7. Targeting Protein Translation Elongation to Treat Cancer Patients
  8. Transforming Gastrointestinal Cancer Care from Inpatient Surgery to Outpatient Endoscopy by Enabling Third Space Endoscopy



About Global Down Syndrome Foundation

The Global Down Syndrome Foundation (GLOBAL) is the largest non-profit in the U.S. working to save lives and dramatically improve health outcomes for people with Down syndrome. GLOBAL has donated more than $32 million to establish the first Down syndrome research institute supporting over 400 scientists and over 2,200 patients with Down syndrome from 33 states and 10 countries. Working closely with Congress and the National Institutes of Health, GLOBAL is the lead advocacy organization in the U.S. for Down syndrome research and care. GLOBAL has a membership of over 100 Down syndrome organizations worldwide, and is part of a network of Affiliates – the Crnic Institute for Down Syndrome, the Sie Center for Down Syndrome, and the University of Colorado Alzheimer’s and Cognition Center – all on the Anschutz Medical Campus.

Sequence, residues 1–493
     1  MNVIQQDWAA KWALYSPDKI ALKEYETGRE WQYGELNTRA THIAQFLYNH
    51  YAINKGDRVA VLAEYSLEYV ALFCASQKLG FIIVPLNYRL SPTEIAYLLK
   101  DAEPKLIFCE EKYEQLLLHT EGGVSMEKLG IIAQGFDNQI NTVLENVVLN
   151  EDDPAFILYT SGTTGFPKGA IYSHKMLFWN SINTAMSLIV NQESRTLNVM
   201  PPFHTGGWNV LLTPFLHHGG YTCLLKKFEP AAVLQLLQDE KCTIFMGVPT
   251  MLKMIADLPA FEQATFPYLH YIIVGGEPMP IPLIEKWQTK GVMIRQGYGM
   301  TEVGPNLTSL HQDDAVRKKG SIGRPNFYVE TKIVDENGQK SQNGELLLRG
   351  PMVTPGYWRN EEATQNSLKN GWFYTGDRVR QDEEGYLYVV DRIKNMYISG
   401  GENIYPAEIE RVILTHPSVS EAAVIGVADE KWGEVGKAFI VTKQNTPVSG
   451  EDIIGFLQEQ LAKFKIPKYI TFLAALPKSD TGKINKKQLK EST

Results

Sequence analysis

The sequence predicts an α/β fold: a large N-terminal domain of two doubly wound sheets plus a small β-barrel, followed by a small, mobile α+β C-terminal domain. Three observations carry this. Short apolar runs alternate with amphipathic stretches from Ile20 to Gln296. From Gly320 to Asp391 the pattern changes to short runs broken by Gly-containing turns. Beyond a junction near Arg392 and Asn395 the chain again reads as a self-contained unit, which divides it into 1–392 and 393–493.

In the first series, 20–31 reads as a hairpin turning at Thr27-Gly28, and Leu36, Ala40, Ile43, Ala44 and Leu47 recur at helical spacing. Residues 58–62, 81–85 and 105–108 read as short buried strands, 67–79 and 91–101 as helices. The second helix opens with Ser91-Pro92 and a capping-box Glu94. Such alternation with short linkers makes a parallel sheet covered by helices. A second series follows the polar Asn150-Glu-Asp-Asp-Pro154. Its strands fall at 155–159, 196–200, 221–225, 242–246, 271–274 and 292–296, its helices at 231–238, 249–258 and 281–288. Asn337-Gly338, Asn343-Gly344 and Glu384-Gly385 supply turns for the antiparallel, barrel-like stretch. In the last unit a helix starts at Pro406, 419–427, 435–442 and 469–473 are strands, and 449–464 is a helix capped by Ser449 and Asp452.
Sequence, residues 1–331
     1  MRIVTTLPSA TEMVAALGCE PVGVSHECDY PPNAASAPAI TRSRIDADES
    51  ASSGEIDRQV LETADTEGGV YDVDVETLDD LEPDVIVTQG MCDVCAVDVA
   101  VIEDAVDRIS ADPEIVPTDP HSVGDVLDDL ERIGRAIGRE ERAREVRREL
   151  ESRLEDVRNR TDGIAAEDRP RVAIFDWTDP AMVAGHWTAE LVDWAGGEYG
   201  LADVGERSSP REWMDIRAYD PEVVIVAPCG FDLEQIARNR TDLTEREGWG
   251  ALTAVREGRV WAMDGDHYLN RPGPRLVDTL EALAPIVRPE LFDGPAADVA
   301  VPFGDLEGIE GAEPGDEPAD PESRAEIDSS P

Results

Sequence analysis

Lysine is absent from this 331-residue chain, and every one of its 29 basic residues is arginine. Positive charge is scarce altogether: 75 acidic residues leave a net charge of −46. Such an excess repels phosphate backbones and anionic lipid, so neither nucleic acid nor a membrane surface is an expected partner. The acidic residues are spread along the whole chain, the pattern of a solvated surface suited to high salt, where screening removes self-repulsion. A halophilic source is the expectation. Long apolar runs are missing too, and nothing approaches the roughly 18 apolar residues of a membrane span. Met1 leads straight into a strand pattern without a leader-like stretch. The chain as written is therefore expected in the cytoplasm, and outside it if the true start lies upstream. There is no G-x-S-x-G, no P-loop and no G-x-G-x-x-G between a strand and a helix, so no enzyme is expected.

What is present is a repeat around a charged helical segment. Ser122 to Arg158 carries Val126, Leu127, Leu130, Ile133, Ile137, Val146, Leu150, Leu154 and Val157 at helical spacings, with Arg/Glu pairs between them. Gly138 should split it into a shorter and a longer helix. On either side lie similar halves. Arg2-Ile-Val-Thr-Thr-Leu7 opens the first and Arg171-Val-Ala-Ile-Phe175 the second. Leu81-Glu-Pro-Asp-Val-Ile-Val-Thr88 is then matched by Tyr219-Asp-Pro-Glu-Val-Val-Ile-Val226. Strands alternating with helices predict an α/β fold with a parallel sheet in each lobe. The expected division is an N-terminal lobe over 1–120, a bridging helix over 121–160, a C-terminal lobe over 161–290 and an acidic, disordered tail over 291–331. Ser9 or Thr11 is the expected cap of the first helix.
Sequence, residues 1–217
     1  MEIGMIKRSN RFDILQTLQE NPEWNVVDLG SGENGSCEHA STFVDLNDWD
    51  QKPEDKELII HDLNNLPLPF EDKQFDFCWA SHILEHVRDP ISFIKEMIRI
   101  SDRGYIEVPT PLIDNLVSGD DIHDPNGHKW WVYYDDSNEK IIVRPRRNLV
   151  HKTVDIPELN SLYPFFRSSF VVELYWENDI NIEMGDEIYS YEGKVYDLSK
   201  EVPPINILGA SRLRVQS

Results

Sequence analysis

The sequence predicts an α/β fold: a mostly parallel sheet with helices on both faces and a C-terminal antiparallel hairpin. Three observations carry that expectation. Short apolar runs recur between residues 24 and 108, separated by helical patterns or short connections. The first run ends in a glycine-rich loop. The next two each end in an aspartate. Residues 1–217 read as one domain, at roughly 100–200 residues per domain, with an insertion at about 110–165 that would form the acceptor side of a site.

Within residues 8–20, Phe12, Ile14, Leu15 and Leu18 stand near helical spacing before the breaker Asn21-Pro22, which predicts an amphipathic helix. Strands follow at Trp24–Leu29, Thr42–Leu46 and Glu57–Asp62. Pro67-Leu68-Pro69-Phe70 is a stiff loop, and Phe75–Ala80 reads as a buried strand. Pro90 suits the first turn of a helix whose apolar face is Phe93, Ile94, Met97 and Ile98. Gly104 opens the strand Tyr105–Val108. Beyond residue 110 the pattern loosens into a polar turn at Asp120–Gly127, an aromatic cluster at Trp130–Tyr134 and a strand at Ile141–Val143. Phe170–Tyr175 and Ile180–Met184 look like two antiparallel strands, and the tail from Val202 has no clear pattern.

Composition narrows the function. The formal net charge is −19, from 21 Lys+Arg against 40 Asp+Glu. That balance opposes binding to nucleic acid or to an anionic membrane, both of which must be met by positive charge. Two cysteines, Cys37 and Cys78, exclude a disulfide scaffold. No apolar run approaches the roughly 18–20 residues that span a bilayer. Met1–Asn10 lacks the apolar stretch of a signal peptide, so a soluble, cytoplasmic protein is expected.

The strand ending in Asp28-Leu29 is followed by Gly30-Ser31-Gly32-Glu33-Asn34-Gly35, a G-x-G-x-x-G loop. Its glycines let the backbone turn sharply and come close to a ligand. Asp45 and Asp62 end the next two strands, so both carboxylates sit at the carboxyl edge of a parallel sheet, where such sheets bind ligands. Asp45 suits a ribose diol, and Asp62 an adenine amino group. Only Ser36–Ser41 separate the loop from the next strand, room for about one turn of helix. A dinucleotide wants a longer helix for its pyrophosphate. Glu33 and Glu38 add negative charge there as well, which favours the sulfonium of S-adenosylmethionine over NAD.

GLOBAL’s widely circulated medical publications include Global Medical Care Guidelines for Adults with Down Syndrome, Prenatal & Newborn Down Syndrome Information and the award-winning magazine Down Syndrome WorldTM. GLOBAL also organizes the annual AcceptAbility Gala in Washington DC, and the annual Be Beautiful Be Yourself Fashion Show, the largest Down syndrome fundraiser in the world. Visit and follow us on social media (Facebook & Twitter: @GDSFoundation, Instagram: @globaldownsyndrome). 


Anca Call

Global Down Syndrome Foundation

(720) 320-3832